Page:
We visited A. Upon greeting me, she spun around, wrapped my arms around her tiny body and playfully hung; laughing. To see a book a foreigner brought, she held my hand tightly as she pulled and stretched to steal a peek. I am hers. She knows.
Inside, there were tickle games and more fun. We looked with her at the photo album we brought for her. She had decorated pictures with small stickers and was proud of her contribution. It was clear that she had memorized each photo.
Searching for activities, we showed A our pictures from our travels to southern Ethiopia. Not A's home, but both areas are rural and look very different from the city of Addis.
Her eyes widened and focused as she looked at pictures. She visually consumed each one. Especially of the round, traditional homes. Not identical, but similar I'm sure, to where she grew up.
A can change her face in seconds. She can go from what appears to be happy, to what appears to be sad, instantly. A also thinks of others constantly. As much as she loved us to visit, it was also hard for her socially. There was jealousy. It was hard for us to pay attention to all of the children and make her feel special simultaneously. The whole situation was so complicated emotionally. Obviously.
Today I saw a glimpse of the very top of the iceberg of how, even A, the most brave soul I’ve ever met, finds all of this too much.
After, we went to Judah’s old care center. Abdissa, the kind coordinator from the agency we used to adopt Judah, picked us up at our guesthouse. It was so wonderful to see him. He is very warm and hospitable. He is family.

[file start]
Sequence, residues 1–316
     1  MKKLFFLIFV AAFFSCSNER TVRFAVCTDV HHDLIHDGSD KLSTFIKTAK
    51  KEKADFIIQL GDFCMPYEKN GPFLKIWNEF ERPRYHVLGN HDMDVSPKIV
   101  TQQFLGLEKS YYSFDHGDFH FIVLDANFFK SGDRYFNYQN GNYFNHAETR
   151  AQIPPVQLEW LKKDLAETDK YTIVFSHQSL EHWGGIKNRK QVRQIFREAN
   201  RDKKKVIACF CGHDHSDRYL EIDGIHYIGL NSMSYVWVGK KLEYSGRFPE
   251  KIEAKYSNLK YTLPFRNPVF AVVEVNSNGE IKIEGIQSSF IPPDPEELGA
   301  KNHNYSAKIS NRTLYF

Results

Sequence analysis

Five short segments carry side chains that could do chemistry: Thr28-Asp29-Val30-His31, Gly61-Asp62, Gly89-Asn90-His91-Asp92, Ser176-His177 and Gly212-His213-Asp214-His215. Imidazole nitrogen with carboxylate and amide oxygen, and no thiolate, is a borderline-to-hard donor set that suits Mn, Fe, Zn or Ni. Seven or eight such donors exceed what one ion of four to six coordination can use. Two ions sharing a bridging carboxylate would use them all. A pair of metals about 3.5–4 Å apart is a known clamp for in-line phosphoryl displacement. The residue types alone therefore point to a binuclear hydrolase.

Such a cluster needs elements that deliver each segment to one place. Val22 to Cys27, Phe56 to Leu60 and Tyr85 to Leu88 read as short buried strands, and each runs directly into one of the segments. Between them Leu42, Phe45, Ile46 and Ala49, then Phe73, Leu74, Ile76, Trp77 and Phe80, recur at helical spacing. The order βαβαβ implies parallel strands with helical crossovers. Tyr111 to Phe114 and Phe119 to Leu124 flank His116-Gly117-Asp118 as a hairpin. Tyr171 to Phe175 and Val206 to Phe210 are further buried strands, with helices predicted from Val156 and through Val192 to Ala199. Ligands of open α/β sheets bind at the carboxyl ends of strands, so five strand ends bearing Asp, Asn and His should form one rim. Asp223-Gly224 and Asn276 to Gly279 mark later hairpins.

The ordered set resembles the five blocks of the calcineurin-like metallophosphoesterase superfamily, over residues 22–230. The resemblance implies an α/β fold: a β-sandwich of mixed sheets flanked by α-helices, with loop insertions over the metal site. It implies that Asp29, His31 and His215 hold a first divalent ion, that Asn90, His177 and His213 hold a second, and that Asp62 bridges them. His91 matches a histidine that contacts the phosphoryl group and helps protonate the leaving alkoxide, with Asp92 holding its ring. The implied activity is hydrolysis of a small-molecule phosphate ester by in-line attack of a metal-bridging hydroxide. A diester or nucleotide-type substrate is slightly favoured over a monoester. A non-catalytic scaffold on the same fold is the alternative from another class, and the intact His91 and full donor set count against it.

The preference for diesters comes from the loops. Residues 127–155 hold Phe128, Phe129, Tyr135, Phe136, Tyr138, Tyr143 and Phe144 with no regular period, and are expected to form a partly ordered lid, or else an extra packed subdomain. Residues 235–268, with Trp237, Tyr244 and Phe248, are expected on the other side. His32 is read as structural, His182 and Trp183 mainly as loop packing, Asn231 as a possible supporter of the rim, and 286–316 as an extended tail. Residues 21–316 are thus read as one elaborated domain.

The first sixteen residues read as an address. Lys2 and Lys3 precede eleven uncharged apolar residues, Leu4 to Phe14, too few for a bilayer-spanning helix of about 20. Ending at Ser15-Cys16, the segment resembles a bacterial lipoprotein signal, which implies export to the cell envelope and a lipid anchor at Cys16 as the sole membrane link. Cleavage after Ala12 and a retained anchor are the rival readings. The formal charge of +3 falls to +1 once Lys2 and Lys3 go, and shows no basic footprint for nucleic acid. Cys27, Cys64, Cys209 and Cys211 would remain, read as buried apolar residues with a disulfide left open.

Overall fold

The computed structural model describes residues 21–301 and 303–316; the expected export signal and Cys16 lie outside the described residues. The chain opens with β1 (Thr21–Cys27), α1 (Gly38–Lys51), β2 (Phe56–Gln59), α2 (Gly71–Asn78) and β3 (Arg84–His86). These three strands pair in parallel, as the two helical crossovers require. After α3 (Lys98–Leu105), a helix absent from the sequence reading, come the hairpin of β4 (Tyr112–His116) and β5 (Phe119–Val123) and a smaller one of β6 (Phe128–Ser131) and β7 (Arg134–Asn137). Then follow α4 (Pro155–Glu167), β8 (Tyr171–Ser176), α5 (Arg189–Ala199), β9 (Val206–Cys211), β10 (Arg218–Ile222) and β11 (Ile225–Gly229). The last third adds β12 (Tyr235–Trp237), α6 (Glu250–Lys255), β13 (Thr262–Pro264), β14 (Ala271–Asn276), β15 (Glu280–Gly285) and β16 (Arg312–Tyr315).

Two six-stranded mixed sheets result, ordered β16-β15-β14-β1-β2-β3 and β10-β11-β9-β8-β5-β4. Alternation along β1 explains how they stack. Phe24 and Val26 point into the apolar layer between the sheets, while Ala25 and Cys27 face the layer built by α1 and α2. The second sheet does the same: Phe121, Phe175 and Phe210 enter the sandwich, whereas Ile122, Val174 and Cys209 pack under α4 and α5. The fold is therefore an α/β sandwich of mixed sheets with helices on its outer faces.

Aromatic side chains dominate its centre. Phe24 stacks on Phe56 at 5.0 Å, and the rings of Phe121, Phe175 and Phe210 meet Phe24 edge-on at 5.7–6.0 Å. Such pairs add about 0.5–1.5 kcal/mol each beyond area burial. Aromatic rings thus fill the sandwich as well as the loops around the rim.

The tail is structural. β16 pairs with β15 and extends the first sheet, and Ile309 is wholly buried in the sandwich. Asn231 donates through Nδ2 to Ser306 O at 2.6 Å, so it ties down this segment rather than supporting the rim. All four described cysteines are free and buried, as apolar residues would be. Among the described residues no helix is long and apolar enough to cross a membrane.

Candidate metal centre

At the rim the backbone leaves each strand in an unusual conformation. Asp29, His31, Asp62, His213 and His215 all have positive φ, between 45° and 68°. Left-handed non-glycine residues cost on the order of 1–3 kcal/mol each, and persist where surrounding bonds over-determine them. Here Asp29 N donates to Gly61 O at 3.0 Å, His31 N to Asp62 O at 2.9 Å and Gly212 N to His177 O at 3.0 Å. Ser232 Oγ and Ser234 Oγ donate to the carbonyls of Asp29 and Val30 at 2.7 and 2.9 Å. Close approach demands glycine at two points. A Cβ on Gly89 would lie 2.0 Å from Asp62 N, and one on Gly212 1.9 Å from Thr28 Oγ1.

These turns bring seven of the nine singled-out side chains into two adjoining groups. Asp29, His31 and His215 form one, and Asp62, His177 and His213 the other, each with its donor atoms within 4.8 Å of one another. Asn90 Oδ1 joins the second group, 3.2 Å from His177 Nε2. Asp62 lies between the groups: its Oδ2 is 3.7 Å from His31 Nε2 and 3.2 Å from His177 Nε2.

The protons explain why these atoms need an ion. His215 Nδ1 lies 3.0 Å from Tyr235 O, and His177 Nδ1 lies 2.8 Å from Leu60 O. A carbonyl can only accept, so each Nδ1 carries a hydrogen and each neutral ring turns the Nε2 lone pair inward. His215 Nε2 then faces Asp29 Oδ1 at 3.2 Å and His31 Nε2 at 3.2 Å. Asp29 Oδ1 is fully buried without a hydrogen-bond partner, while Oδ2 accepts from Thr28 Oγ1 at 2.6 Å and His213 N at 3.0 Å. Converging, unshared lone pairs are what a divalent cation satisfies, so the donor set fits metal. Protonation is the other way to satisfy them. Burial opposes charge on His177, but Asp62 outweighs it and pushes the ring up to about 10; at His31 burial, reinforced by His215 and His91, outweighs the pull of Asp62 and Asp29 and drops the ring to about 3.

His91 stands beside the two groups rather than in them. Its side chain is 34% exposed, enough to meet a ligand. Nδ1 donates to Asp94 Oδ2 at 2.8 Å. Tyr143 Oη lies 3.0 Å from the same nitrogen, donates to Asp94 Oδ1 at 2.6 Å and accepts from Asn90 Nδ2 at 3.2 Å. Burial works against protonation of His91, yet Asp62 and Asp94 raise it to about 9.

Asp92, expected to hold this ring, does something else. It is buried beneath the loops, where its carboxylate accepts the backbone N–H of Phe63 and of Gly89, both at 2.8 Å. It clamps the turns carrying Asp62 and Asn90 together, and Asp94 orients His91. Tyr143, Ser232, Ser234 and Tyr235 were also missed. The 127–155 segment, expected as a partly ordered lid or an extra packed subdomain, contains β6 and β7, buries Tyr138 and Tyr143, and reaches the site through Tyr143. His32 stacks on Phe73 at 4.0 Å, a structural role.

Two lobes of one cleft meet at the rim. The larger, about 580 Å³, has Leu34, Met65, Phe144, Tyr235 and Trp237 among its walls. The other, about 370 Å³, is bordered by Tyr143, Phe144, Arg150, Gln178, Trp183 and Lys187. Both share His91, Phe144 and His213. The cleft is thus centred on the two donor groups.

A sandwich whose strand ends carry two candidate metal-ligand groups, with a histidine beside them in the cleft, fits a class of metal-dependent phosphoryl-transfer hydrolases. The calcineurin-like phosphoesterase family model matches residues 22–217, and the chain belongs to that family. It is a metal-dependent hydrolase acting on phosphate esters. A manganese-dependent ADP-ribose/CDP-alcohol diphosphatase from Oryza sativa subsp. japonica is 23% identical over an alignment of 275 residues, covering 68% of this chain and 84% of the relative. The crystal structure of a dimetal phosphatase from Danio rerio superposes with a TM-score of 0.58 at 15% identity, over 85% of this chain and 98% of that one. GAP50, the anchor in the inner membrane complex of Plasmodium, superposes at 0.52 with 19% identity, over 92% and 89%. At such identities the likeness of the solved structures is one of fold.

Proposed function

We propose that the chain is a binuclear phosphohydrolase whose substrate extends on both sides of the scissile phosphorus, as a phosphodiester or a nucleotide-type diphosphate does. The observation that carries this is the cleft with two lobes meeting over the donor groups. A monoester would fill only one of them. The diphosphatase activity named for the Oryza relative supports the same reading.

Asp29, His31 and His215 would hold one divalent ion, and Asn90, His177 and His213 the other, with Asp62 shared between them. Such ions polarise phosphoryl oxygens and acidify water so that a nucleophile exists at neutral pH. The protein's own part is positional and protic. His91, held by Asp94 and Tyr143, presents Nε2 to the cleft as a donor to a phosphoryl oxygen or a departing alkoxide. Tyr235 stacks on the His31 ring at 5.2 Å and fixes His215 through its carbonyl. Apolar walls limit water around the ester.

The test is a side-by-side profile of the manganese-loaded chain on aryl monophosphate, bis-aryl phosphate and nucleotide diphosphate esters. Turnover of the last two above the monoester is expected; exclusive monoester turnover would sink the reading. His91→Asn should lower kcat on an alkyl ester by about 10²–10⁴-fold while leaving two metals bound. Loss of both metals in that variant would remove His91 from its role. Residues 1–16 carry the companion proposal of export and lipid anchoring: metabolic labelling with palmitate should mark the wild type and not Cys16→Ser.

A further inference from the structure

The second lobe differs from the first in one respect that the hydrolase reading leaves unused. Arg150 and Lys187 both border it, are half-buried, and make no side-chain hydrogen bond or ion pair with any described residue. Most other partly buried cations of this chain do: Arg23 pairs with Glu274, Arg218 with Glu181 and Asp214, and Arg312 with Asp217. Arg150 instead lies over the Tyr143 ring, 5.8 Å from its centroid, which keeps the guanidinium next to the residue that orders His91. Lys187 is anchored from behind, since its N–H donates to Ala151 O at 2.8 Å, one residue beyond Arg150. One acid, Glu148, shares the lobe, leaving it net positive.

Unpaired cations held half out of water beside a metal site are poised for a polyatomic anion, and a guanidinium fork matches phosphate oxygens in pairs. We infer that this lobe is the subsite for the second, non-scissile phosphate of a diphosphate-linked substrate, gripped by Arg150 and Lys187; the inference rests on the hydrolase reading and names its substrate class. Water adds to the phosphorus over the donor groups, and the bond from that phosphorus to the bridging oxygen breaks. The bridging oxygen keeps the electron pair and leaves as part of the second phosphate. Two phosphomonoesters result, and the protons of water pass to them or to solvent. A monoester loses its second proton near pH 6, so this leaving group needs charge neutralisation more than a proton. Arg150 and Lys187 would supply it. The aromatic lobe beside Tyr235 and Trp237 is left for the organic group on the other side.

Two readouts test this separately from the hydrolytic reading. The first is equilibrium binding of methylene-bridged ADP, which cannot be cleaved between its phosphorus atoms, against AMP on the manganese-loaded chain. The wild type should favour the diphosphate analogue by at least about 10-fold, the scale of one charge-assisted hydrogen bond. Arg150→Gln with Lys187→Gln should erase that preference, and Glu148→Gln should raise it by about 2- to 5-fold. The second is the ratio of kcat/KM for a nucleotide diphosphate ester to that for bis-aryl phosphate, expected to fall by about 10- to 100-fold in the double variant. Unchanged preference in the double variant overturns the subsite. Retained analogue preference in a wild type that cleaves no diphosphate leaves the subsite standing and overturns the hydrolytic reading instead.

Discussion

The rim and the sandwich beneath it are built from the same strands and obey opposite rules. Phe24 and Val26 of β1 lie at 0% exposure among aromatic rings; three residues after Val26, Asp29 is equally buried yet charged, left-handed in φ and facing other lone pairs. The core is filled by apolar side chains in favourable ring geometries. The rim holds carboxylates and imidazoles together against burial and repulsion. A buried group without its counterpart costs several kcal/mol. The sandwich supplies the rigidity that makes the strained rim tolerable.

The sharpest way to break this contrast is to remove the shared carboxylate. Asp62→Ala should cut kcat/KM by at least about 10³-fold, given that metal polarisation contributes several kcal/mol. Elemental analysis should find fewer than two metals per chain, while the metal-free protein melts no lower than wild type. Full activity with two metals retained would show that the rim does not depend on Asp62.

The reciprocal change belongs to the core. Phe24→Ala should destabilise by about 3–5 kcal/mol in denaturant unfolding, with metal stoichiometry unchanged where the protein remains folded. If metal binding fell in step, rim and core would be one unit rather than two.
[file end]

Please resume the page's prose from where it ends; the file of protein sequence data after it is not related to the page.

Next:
The first place he took us to was the "administration building." I didn’t realize until we were minutes away that the administration building was actually the old care center. Judah’s old home.
When the gates opened, I was clearly brought back to the day, almost three years ago, when the same gates opened and we met Judah. We pulled in and my eyes locked on the spot, where 34 months ago, Abdissa literally handed Judah to me. We walked into Judah’s first bedroom, now an office. The room was empty except for two desks, but I could clearly see all the cribs lined up. Judah’s in the front left. We went upstairs and sat in the room where we first cared for Judah. I could see our friends and their babies, in the spots we had worn well over our days visiting.
They left us alone, perhaps knowing better than us about the big tears that would be shed. We looked out the same window, the same view and couldn’t believe the time. I love that room. That window. That view.
After we went to the new care center. It was gorgeous. The babies were absolutely gorgeous.
There was one woman that I was searching for in particular. She was the main reason it was so important to bring Judah back to Ethiopia. She needed to see him.
Walking up the stairs, I instantly knew it was her. She was laughing with full eyes and talking. The others were translating for her.
“I cried so hard when he left.”
While getting full eyes, “I don’t want to cry again. I cried so hard.”
She gave me one of those big, tight, long hugs that say a billion words, while thanking one another repeatedly both in English and Amharic.
She told me that she was so happy to see that he was well taken care of.
I told her that I tell Judah about her. He knows about her. He knows her. We took pictures and she asked that we send one to her.
I could tell during our entire visit that she was overwhelmed with emotion. She loves Judah. Still. I feel so relieved that she was able to see her baby. She taught him how to love. Something she did very well.
That night we went to a Jazz club with beautiful new friends and laughed till it hurt.
It was the best birthday I could have ever had.